https://en.wikipedia.org/wiki/Flight_control_modes

The 747 has purely hydraulic controls and will quite happily do a barrel roll. If you fully commit to the manoeuvre, you'll only lose about 1000ft of altitude. Big jets have very gentle and benign handling characteristics, so it's surprisingly straightforward. You're far more likely to lose control in a light aircraft, because they don't have nearly as much natural stability as an airliner. The immense mass creates a lot of inertia, so they tend to be very smooth and progressive even if you're flying like a hooligan.

Brian Walpole claims to have barrel rolled Concorde during testing, which I imagine would be a bit hairy.
>> No. 15744 Anonymous
12th August 2018
Sunday 2:10 pm
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I wish this had happened a few months ago. I would have felt so much safer flying in a Dash 8 knowing that it can survive a full loop and a barrel roll.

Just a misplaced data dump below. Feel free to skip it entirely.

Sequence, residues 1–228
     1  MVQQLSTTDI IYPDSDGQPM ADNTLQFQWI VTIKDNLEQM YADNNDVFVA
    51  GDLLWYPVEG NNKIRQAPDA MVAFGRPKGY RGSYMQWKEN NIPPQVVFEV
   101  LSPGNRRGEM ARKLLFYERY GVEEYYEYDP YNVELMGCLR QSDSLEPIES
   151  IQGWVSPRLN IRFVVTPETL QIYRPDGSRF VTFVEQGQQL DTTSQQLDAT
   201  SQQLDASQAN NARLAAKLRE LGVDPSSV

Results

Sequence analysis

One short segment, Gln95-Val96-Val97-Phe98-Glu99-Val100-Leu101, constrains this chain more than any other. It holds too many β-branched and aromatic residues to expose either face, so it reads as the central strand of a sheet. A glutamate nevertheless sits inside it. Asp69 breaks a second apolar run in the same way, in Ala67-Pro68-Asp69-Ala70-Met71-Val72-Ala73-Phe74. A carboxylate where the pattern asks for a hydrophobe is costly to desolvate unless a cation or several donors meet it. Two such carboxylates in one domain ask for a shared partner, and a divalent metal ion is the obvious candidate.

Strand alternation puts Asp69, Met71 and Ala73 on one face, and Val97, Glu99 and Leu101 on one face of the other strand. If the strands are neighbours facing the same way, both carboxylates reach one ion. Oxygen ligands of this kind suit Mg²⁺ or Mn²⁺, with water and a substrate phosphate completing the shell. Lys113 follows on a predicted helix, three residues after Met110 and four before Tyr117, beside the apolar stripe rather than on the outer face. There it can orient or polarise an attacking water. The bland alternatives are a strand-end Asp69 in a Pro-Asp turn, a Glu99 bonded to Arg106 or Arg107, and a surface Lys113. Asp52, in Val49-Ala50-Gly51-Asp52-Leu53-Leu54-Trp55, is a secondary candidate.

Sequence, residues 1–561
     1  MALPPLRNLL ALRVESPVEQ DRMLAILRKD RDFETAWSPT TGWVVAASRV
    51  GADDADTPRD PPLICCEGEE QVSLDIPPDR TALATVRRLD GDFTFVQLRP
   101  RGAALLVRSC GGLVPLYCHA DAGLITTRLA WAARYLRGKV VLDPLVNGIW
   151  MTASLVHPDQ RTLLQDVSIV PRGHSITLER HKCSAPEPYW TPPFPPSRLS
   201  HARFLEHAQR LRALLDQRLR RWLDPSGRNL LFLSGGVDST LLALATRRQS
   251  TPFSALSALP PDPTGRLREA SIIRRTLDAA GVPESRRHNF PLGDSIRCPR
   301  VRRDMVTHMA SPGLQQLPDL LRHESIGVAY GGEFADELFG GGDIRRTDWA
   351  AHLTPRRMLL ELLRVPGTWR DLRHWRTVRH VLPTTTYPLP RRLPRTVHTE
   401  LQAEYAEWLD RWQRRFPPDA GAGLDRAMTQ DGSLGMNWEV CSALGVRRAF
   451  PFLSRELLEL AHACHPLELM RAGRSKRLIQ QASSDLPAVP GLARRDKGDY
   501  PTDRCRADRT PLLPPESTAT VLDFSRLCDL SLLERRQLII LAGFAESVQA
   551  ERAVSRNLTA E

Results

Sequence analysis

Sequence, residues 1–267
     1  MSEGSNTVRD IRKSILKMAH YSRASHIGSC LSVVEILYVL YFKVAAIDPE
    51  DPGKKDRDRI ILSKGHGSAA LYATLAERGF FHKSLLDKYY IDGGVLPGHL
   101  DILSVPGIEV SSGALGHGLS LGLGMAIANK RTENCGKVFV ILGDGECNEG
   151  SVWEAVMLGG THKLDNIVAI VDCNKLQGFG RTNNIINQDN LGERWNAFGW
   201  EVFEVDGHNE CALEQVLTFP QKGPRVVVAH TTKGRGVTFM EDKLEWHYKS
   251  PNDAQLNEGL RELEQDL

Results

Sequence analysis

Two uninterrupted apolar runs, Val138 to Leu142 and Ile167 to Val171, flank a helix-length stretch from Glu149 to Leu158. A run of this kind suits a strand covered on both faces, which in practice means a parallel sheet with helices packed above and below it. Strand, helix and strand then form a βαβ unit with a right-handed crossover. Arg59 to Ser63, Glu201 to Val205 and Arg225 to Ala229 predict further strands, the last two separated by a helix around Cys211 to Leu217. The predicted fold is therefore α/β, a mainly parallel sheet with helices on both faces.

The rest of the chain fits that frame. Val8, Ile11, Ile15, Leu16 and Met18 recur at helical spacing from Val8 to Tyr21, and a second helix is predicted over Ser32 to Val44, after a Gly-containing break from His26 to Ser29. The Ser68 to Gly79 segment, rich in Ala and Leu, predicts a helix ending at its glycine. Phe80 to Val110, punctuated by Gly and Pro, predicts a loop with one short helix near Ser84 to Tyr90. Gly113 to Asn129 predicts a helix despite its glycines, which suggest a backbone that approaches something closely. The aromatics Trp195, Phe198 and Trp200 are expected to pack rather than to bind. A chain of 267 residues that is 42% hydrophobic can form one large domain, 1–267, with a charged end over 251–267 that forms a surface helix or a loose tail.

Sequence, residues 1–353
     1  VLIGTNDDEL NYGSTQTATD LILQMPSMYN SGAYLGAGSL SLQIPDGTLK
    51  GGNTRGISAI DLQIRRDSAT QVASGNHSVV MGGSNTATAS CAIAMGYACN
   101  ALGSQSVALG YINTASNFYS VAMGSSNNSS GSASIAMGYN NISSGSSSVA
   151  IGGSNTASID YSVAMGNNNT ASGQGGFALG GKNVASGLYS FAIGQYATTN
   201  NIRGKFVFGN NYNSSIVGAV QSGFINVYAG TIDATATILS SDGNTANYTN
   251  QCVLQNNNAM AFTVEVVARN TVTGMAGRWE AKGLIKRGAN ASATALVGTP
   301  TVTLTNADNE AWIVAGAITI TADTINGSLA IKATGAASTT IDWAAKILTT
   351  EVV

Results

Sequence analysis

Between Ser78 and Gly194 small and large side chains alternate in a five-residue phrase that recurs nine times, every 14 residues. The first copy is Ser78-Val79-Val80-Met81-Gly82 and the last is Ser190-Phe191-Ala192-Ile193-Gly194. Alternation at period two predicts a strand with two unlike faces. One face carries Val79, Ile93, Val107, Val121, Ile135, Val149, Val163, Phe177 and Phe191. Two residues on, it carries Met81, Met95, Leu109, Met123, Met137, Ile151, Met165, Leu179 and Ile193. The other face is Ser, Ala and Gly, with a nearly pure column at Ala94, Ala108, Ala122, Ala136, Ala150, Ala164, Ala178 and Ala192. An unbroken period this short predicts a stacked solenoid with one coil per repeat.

One of my favourite parts of the audio is when he says "I don't need that much help, I've played some video games before".
>> No. 15745 Anonymous
12th August 2018
Sunday 8:16 pm
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>>15744

Were you on one of those dodgy Alaskan wilds type flights? There's nothing more terrifying even if you know the plane is structurally sound.

I couldn't help but work out which of the passengers we were going to have to eat first come the crash.
>> No. 15746 Anonymous
12th August 2018
Sunday 9:19 pm
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>>15745
I was flying into Glasgow so I suppose that's about the same.